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Online Dashboards Illustrate Local Foods Spending Data

girl holding carrots and radishes

Where are North Carolinians buying local foods? How much are they spending on local food per month? Which county spends the most buying local foods? These questions and more are being answered, thanks to the NC 10% Campaign and RTI International.

The two organizations recently teamed up to develop a series of dashboards to help local farmers, consumers, businesses and leaders make informed decisions about buying and selling local foods.

The NC 10% Campaign encourages businesses and individuals to commit 10 percent of their existing food budget to locally raised, caught and produced foods. It is a collaborative statewide initiative led by the Center for Environmental Farming Systems (CEFS) with North Carolina Cooperative Extension.

CEFS is a partnership of NC State University, N.C. A&T State University and the N.C. Department of Agriculture and Consumer Services, while RTI is an independent, nonprofit research institute.

“Analyzing the NC 10% Campaign’s data from 8,000 members, we found that on average members spend $30 dollars per month on local foods, and most are buying from farmers’ markets,” said Peter Baumgartner, data scientist in RTI’s Center for Data Science, who helped develop the dashboards. “We also found that members from Wake County reported spending the most on local foods: About $700,000 was spent between 2010 and 2015.”

“Being able to visualize the data by county, aggregates of counties, or Cooperative Extension districts and to overlay that over time makes the data more accessible and helps us understand how to support local food efforts across the state,” said Robyn Stout, statewide coordinator of the NC 10% Campaign. There were over 580,000 lines of data to analyze.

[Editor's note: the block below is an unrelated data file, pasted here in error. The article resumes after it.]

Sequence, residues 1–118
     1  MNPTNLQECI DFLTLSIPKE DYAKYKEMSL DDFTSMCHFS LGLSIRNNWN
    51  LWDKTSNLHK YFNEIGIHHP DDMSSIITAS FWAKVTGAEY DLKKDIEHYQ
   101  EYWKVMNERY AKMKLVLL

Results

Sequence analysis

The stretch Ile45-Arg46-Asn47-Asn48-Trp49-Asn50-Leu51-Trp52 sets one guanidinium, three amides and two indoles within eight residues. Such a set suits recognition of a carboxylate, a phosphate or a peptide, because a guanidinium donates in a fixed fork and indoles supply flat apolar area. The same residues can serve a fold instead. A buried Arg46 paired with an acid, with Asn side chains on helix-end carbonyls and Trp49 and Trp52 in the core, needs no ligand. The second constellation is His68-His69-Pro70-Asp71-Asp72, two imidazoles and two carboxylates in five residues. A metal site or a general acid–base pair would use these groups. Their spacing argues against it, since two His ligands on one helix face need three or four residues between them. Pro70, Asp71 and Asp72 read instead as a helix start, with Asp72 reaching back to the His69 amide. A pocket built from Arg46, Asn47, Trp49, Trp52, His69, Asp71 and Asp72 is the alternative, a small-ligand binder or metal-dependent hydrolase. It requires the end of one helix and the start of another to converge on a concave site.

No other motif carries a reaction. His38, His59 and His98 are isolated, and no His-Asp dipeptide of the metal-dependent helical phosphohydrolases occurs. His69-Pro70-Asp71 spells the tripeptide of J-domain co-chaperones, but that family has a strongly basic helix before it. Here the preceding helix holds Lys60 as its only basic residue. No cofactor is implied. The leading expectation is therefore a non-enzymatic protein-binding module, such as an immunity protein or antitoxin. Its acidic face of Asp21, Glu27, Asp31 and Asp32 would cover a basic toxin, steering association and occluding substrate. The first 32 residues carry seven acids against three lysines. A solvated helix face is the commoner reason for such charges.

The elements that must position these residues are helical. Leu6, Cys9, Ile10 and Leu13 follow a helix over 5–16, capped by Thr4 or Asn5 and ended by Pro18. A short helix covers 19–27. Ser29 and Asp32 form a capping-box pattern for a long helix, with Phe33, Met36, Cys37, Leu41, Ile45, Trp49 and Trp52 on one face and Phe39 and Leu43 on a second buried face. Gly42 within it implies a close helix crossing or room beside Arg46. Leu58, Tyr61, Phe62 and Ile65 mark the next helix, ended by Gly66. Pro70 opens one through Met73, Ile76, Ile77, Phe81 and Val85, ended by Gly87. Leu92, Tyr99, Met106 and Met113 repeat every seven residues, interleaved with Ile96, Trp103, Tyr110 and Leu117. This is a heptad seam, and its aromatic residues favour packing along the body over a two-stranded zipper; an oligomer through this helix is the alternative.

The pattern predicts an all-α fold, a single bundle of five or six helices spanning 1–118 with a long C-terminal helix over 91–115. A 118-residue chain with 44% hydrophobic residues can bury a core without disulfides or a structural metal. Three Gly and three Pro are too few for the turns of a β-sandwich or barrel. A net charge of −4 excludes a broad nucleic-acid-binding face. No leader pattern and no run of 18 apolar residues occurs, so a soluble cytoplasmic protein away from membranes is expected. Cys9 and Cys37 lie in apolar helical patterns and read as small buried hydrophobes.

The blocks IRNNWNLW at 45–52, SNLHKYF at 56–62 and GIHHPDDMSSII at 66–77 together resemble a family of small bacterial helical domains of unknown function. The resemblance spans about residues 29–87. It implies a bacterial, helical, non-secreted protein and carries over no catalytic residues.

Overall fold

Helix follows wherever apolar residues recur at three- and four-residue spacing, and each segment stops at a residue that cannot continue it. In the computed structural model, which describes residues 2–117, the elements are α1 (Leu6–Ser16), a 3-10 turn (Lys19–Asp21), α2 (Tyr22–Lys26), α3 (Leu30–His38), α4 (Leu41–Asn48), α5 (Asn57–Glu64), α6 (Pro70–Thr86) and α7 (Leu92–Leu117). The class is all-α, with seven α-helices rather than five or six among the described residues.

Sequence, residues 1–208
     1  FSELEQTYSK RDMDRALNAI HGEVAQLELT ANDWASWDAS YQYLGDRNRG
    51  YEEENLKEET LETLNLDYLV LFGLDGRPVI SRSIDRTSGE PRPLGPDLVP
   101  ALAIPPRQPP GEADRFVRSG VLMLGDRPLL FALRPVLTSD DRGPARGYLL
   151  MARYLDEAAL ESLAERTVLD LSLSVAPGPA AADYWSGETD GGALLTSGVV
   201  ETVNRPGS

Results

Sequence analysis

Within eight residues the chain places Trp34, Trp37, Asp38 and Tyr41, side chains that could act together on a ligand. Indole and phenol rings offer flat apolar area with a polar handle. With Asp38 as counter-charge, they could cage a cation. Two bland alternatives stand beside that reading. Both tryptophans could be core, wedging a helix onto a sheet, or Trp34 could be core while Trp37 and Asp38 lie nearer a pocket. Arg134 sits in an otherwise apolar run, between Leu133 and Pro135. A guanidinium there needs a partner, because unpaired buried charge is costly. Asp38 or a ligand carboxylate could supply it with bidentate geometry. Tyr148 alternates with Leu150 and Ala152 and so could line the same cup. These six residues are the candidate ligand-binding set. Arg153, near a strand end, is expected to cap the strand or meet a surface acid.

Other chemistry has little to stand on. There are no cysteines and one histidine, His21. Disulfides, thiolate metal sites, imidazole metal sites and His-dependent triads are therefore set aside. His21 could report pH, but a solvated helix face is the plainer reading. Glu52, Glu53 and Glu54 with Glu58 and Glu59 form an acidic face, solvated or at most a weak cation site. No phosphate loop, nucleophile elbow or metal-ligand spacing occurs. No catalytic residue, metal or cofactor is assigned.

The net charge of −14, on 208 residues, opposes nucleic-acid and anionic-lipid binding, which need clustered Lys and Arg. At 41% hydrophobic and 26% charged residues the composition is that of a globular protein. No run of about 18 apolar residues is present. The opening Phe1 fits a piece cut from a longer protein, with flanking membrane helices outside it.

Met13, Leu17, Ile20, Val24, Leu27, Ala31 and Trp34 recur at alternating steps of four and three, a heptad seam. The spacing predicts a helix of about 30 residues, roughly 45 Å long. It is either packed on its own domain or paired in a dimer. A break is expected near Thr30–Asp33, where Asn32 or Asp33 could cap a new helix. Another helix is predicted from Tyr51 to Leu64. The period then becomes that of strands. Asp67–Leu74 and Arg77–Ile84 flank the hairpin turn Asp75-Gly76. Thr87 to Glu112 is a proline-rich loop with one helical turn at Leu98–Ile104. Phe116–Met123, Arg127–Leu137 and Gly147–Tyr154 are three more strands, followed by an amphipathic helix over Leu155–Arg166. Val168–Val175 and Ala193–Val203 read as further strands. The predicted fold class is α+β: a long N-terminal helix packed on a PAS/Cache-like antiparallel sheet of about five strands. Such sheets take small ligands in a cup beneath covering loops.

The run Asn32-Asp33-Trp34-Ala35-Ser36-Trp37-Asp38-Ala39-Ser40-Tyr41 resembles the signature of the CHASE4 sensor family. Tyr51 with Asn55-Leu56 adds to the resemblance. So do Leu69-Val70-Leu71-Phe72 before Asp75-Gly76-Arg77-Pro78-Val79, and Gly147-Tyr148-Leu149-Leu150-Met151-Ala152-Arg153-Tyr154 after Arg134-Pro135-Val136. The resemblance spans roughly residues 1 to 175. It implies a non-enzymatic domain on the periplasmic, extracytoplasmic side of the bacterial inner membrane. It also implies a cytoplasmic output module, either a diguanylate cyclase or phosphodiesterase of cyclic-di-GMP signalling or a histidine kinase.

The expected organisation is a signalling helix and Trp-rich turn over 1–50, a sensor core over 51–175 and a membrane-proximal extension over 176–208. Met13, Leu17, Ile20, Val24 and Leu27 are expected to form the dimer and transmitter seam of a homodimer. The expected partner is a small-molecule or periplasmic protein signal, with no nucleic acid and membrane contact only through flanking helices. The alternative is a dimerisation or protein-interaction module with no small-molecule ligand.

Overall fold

The information from the dashboards can be used to help:

  • Farmers determine where to sell their produce by understanding which sources – farmers’ markets, roadside stands or grocery stores – are most popular in their county.
  • Consumers compare their spending to the county average.
  • Inform planners, educators, and local government officials on the characteristics of local food purchasing in their region.

A leader in collecting, analyzing and leveraging data, RTI looked at five years’ worth of data on local food spending in North Carolina that was self-reported by the NC 10% Campaign’s nearly 8,000 members, who chose to report weekly on their local foods spending.

The interactive dashboards, available on the NC 10% Campaign website, allow visitors to search for data from individual counties, as well as view statewide totals.

— J.J. Richardson